Recent studies performed at Johns Hopkins University have shown a correlation between hearing loss and cognitive decline. In their most recent study, published in 2013, 2,000 older adults (average age: 77) were tracked for a period of six years. Those who began the study with the worst hearing loss – hearing loss which interferes with daily conversational ability – were 24 percent more likely to see a decline in cognitive ability compared to individuals with normal hearing. A similar study published in 2011 concluded that persons with moderate hearing loss were three times as likely to develop dementia. These figures are striking and hard to refute.
Though the reason for the correlation isn’t completely understood, several theories exist. It may be that the increased cognitive load when trying to hear taxes the brain’s resources that would otherwise be available for memory and concentration. Alternatively, another factor may be the social isolation many individuals with hearing loss experience. Hearing loss causes social withdrawal, leading to isolation, loneliness, anxiety, and/or paranoia; this lack of socialization has been shown to accelerate cognitive decline.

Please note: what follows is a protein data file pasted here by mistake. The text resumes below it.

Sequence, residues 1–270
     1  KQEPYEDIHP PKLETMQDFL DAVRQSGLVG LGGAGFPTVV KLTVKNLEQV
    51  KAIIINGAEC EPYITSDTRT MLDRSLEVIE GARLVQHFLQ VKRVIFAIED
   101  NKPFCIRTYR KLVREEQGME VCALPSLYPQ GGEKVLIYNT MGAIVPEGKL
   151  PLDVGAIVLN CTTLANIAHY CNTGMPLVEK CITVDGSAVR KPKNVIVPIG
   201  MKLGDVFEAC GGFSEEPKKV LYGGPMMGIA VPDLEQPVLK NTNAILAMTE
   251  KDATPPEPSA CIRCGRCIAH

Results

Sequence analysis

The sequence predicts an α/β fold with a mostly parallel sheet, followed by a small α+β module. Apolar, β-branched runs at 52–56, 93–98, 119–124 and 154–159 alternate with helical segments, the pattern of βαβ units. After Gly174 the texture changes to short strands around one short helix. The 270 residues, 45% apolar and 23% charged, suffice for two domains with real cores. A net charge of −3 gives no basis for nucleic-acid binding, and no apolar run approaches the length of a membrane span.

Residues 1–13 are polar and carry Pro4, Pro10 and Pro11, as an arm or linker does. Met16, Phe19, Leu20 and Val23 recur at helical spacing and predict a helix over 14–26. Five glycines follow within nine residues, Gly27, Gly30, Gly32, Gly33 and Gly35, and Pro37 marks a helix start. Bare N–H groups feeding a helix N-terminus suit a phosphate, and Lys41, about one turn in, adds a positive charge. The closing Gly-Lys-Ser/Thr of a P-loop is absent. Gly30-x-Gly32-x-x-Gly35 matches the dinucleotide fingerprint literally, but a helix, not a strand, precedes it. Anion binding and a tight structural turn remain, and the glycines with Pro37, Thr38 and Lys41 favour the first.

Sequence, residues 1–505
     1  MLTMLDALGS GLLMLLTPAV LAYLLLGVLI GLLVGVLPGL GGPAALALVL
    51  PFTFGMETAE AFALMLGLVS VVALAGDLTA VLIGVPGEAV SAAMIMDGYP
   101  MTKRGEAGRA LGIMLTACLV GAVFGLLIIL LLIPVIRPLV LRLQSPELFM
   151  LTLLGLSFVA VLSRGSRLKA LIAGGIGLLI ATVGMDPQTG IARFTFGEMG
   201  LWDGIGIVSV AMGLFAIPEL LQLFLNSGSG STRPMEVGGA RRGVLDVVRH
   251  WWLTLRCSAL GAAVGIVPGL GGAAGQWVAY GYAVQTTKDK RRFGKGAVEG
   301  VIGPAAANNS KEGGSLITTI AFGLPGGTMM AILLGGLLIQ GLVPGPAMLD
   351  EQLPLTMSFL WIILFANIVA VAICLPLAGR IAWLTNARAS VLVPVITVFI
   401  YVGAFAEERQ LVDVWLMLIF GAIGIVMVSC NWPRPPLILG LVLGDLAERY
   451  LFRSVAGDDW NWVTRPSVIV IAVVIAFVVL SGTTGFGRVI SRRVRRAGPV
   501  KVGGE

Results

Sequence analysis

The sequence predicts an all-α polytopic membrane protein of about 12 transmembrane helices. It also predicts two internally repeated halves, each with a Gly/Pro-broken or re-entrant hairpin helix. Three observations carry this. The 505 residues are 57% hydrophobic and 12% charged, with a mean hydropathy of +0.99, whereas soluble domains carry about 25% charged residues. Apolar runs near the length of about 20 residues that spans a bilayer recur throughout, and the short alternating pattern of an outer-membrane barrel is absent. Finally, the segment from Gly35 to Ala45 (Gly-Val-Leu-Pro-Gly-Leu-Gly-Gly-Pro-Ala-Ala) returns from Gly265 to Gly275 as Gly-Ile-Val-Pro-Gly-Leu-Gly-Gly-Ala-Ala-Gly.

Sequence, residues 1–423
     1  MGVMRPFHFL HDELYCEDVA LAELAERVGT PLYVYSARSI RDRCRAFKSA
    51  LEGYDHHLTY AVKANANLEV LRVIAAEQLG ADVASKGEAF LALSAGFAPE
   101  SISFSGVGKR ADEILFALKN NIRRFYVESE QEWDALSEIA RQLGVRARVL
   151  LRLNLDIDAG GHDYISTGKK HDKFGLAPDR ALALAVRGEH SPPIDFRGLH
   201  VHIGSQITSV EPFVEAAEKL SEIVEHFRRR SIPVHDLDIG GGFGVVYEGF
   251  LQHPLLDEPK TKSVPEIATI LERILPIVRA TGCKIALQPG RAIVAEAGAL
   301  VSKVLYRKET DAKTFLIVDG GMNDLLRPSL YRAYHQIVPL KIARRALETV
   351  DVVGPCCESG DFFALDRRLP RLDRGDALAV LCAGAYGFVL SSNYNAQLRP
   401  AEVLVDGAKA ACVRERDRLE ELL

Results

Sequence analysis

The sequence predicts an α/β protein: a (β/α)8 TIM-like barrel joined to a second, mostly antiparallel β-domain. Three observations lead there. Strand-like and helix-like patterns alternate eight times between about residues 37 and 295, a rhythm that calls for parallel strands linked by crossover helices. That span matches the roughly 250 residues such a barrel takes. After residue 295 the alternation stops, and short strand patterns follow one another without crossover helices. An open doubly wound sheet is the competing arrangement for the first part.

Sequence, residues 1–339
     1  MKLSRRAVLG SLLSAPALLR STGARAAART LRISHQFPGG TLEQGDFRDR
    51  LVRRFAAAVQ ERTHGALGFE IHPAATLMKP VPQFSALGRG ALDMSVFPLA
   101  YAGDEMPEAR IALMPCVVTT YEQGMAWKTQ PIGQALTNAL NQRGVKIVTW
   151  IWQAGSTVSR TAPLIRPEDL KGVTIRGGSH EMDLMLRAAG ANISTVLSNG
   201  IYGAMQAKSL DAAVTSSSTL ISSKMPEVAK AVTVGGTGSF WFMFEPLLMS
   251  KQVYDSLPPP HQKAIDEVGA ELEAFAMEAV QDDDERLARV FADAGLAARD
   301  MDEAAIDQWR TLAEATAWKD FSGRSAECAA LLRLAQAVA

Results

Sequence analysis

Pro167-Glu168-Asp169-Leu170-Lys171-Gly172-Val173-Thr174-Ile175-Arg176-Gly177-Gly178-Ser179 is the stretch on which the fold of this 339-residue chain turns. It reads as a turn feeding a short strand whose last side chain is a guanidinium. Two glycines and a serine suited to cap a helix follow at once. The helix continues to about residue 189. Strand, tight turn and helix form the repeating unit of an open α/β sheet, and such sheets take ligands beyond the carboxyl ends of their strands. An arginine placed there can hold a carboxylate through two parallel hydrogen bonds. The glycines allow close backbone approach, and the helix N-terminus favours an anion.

In an effort to determine whether hearing devices could help delay or prevent cognitive decline, French researchers undertook a study involving 3,670 participants over 25 years. The patients who wore hearing devices experienced cognitive decline at a rate comparable to the control (normal-hearing) group, while those who did not treat their hearing loss had significantly lower scores on a test used to measure cognitive performance.
The conclusion? Individuals who treat their hearing loss with hearing devices experience lower rates of cognitive decline, and, subsequently, report improvements in their overall quality of life, including better relations at home, feelings of self, sense of safety, self-confidence, and social life.